Buying a Home With Another PersonSo you’ve made the decision, and you’re thinking about buying a home with someone else… Before you sign that contract, here are some things you should know before getting started.
1. Getting Started and Prequalified
Before you go to see any properties, its always important to know what you’re in for. Have the both of you talked about your income? Your credit scores? You don’t want any surprises with what you think you can afford. Contact a lender and attorney who have experience in working with your arrangement. Most Realtors will require that you get prequalified by a lender before going on showings. You also what to get prequalified to know what’s realistic for you to be spending before you start searching- it’s like trying on a wedding dress you can’t afford; don’t even do it. Make a list of any debts you have (student loans, car payments, credit card debt) since that will be subtracted from your total income by a lender. Plan to spend less than 30% of your monthly income on total payments (mortgage, assessments, taxes, utilities). Finally before contacting your Realtor, speak to an attorney about a cohabitation agreement to protect both your individual ownership.
2. Prioritizing What You Both Want
Its going to be difficult to find what you want if you’re on two different pages. It happens time and time again, where he wants modern / she wants vintage and nobody’s happy. Find pictures online of architectural styles you can both agree on. Start by making separate wish lists and go through each point one-by-one together to reconcile one list. Your lists should include “must haves” and then “wish list items that aren’t deal breakers” to help your Realtor prioritize what you need vs. what you want. Finally, despite what you’re prequalified to spend, decide how much you really want to spend every month to tell your Realtor.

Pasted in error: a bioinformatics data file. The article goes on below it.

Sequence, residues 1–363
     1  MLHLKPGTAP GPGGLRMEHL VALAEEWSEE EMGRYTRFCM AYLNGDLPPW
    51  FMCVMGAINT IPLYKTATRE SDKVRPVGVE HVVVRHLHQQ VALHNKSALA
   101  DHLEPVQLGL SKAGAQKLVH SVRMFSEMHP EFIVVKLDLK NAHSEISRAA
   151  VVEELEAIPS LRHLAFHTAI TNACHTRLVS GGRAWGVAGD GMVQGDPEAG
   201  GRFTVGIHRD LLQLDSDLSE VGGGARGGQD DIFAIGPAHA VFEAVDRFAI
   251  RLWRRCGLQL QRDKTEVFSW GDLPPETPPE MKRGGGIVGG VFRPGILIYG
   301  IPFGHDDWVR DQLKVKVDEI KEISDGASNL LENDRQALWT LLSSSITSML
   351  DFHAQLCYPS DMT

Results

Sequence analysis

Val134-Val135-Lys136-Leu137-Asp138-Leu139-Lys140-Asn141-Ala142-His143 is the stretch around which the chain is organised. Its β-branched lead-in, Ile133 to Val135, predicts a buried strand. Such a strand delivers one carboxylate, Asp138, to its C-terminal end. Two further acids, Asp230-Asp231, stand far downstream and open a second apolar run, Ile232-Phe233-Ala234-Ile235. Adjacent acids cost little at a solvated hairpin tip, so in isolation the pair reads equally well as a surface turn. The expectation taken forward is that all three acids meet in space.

3. Realize That This is Likely a Starter Home
If you’re both first time buyers, this will likely not be your “dream home” and that you’ll likely only be there for the next 3-5 years. Finances change, you’ll likely be able to afford more in a few years, and life’s priorities will change in that time too: you’ll need more bedrooms, more space, better schools, change of job location, etc. Focus on what you need now and how long you’ll actually live there. If, for now, you can afford a two-bedroom apartment, but you think in a few years you’ll need 3-4, buy what you can afford and plan to move in a few years or at least until its necessary. When this is the case, focus on properties that will appreciate well, so you can afford the next “fancier” place. You’ll also need to have some imagination with inevitable needed upgrades in your budget. Everything won’t be exactly what you want, but small changes don’t have to be costly.
4. Competition In Your Pricepoint
Many home buyers want a loan that under that “Jumbo Loan” limit of $417,000. If you’re putting approximately 10% down (as many do)- that puts you at 417k loan + 10% downpayment = $458k budget…along with everyone else in your situation. If you’re buying in spring/summer, expect the market to ramp up and you’ll often see multiple full price/over ask offers on anything valued right in good locations.
5. Final words of advice
See plenty of places, even if you’re not really interested in them, to learn what you do and don’t want so you’re ready to pull the trigger when you find “the one.” Inventory in Chicago is at a 9-year low, and places on the market sell so quickly so schedule your showings immediately when you see a property you’re interested in. Be educated on market prices in your ideal neighborhoods and what’s affordable so you know a deal when you see one; and know what to offer.
Last update: Apr 26, 2016